In many hospitals, the umbilical cord is routinely cut and clamped just seconds after the baby is born. But could this carefree clamping be causing damage to your newborn baby? Research today is increasingly revealing that clamping the umbilical cord prematurely robs your baby of much-needed blood and oxygen.
In the womb, a baby’s lungs are filled with fluid, and it receives oxygen through the umbilical cord. When the infant is born, the placenta and cord continue to pulse, delivering a burst of blood volume to the infant’s system. This blood is needed to help the the lungs of the newborn to expand. According to this startling article, Are Doctors Causing Infant Brain Damage by Clamping the Umbilical Cord Prematurely?—
Without the burst of blood from the placenta, the infant suffers a drop in blood pressure as its lungs fail to open as they should, creating a chain reaction of effects that can include brain damage and lung damage. Immediate cord clamping can cause hypotension, hypovolemia and infant anemia, resulting in cognitive deficits. Some have even theorized that the rise in autism could be linked at least in part to early cord clamping.
image from Mayo Clinic
Interestingly, the umbilical cord, if left intact, actually “clamps” itself in as little as five minutes. Wikipedia explains that shortly after birth, the reduction in temperature starts a physiological process which causes the Wharton’s jelly (that’s what the cord is made of) to swell and collapse the blood vessels within. This, in effect, creates a natural clamp, halting the flow of blood.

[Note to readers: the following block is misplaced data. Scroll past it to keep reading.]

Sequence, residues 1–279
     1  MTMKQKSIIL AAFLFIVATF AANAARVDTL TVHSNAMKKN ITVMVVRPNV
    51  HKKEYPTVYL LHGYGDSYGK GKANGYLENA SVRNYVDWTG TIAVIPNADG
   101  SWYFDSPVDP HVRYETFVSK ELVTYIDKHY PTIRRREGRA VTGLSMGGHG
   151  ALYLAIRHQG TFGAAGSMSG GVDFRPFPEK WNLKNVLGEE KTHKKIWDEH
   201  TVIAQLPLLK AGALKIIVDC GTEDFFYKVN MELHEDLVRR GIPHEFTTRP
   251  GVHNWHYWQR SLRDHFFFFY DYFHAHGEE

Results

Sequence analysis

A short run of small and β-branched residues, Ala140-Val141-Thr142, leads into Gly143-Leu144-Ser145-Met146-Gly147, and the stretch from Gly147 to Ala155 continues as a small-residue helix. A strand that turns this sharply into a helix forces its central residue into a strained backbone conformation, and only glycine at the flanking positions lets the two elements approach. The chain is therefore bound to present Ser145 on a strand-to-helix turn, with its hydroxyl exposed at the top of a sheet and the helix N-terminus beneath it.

According to Dr. Mercola, the time between between birth and natural clamping, allows blood to flow from the placenta through the baby’s lungs. The natural process protects the baby’s brain by providing a continuous oxygen supply until the lungs are functioning well. While most full-term babies have enough blood to establish lung function and prevent brain damage, the early clamping can still leave them weak, pale, and gasping for air. For premature babies, the process can be even more devastating.
Immediate cord clamping could possibly be linked to:
- Brain hemorrhage
- Respiratory distress
- Cerebral Palsy
- Brain injury
- Learning disorders
- Behavioral disorders
On the flip side, G. M. Morley asserts that “the child which is delivered without the use of a cord clamp receives a full placental transfusion with enough iron to prevent anemia for the firs year of life… this is only a reflection of how much of the infant’s blood volume was left clamped in its placenta. ” (Read more here.)
Today there is no consensus about the optimal time to clamp the umbilical cord after birth. But I think it’s interesting to note the observations of Erasmus Darwin (Charles Darwin’s grandfather) from 200 years ago:
“Another thing very injurious to the child, is the tying and cutting of the navel string too soon; which should always be left till the child has not only repeatedly breathed but till all pulsation in the cord ceases.
As otherwise the child is much weaker than it ought to be, a portion of the blood being left in the placenta, which ought to have been in the child.”
Moving forward, this 1963 Time article suggests that there are sound reasons for a slowdown in cutting the umbilical cord. It is based on a study by a group of pediatricians from the University of California:
The California pediatricians base their theory on a study of 129 infants. Among 41 whose umbilical cords were clamped before they took their second breath, 21 showed moderate to severe respiratory distress. In another group of 52 infants whose umbilicals had been clamped some time after the second breath, only six suffered the same symptoms. The condition of the infants who retained their umbilical cords longest was by far the best.
Given the overwhelming research about the potential harms of early cord clamping, both the World Health Organization and the International Federation of Gynecology and Obstetrics (FIGO) have dropped the practice from their guidelines. (Mercola) But it is still widely done in the United States and other developed countries, which I find hard to understand.